Presidents from both political parties have advanced environmental security policies, in particular Theodore Roosevelt, Franklin D. Roosevelt, Lyndon B. Johnson, Richard M. Nixon and Jimmy Carter. Just as climate science became more robust in the 1980s, however, Americans began to reject environmental policies that they thought threatened their standard of living. This idea came from conservative think tanks, in particular the Heritage Foundation and Cato Institute, and fossil fuel lobbyists who argued economic growth and sustainable development were mutually exclusive. These climate change deniers suggested that efforts to address the crisis would crash the economy, despite mounting evidence that green policies could have large positive effects.

So environmental concerns became politicized. Republicans sided with the climate change deniers, while Democrats came to fear that campaigning for aggressive climate mitigation policies might cost them votes because the public so poorly understood the issue and its solutions. As a result, they failed to offer voters a consistent message that explained the dangers and opportunities presented by global warming. Thus the misguided notion that our comparative resiliency obviated the need to take action was allowed to fester.

President Bill Clinton had a shockingly modest record of advancing climate security, particularly given that his vice president, Al Gore, had been one of the most outspoken environmentalists in Congress. By far Clinton’s biggest accomplishment was assigning Gore to participate in the Kyoto Protocol negotiations. Clinton chose, however, to avoid what surely would have been a vicious fight in the Senate to gain ratification of the treaty. While this effort probably would have failed, it would have signaled to the American people how seriously the Democratic Party took climate change. Instead, the party remained frustratingly uncertain about how to position itself on this issue.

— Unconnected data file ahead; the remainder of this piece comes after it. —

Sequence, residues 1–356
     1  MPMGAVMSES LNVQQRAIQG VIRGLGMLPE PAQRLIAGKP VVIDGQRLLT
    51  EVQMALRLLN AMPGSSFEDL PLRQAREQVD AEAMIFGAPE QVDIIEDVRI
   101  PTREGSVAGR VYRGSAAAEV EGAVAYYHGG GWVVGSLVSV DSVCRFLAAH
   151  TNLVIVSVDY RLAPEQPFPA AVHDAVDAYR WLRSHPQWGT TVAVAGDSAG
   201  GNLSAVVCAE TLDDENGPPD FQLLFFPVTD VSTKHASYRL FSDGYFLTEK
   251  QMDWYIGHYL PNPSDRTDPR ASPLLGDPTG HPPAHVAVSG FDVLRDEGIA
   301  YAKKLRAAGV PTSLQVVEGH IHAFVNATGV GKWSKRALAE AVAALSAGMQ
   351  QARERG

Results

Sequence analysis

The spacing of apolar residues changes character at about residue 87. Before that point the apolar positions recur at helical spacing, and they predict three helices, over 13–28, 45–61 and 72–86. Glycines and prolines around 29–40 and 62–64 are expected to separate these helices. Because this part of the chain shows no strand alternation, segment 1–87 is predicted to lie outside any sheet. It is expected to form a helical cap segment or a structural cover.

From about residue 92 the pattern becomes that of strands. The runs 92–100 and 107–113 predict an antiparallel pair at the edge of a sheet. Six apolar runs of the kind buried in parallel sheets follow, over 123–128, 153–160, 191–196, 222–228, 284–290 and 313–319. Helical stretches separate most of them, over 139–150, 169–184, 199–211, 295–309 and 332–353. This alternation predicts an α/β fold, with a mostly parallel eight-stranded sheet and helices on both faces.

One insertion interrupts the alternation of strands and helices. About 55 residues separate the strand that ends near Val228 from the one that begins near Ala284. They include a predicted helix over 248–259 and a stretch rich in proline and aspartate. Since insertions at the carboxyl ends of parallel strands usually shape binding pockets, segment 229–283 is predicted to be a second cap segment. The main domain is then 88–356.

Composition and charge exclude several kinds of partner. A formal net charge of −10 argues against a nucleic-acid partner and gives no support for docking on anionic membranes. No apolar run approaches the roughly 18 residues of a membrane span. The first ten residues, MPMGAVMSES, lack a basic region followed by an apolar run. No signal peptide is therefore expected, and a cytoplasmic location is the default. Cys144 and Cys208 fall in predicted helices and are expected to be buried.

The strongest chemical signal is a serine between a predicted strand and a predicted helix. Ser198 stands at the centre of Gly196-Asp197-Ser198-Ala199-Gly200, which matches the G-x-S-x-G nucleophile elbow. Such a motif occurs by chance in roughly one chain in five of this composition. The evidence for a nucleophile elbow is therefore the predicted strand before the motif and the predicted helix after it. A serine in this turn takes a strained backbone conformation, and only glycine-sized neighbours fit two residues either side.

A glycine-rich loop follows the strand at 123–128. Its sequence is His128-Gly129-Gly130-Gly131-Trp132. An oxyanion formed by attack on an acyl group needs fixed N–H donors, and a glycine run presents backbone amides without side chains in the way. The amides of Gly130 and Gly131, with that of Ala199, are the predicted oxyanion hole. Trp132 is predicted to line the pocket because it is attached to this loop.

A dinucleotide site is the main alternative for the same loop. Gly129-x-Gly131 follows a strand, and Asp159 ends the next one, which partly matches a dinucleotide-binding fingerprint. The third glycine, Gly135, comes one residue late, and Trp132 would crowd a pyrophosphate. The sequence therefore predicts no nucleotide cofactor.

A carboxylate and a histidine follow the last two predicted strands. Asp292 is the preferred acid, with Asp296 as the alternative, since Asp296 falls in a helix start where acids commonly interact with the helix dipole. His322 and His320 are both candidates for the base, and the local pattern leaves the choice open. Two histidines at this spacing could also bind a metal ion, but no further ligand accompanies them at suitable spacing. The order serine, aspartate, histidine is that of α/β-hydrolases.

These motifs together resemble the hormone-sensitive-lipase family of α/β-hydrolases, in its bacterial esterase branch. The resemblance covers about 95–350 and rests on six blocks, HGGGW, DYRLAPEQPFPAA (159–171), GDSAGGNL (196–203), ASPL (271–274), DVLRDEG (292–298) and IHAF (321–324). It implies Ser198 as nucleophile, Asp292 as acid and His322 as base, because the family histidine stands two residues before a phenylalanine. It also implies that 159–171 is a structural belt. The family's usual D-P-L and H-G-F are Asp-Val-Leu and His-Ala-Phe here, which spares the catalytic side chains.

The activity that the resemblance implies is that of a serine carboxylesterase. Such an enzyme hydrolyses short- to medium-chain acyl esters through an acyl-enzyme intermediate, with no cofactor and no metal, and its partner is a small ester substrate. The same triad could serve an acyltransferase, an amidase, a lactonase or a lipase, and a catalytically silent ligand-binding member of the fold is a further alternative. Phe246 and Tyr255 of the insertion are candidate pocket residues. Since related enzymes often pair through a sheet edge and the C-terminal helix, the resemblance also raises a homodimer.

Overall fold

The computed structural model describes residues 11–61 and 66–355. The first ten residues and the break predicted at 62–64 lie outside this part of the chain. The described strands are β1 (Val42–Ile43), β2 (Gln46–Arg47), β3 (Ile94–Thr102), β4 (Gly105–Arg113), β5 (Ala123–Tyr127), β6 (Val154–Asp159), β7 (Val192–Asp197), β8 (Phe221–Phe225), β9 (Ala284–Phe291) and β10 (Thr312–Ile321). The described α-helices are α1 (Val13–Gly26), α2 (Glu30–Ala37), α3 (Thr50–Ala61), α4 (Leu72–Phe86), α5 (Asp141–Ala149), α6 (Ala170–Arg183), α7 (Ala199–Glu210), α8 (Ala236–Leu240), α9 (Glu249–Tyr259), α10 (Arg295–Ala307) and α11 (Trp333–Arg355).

President Barack Obama made significant progress toward increasing climate security during his tenure. He approved dramatic increases in the fuel economy of motor vehicles and, more importantly, broke new ground with the Clean Power Plan, which tackled the largest source of carbon pollution in the economy, coal-fired power plants.

The reality, however, was that all of this was done largely outside the public eye through executive power, leaving it vulnerable to court interventions and future reversals. This method also meant Obama largely failed to explain to the public why we needed to begin transitioning to a clean energy economy.

The good news? It might be politically advantageous to once more tackle environmental issues. Age cohorts that are significantly more progressive are replacing older, more conservative generations in the voting pool. These newer voters are more likely to be swayed by positive arguments about the need to tackle global warming. They already understand the threat that the climate crisis poses, in large part because they didn’t grow up believing that energy profligacy was a U.S. birthright. They simply don’t share the earlier generations' misplaced sense that our capacity for innovation already offers us climate security.

Thus, the time has clearly arrived for progressive candidates to start campaigning on a platform built around the need for a sustainability revolution. Such a plan should include a carbon tax, incentivized urban density, well-funded clean energy research, evolved agricultural policies and smarter intercity transport. Given that Generation X and millennials never bought into the fiction that the United States is immune to the dangers of global warming, the time is ripe to make climate security a crucial government responsibility. Only by doing so can we begin the long-overdue campaign to save the planet.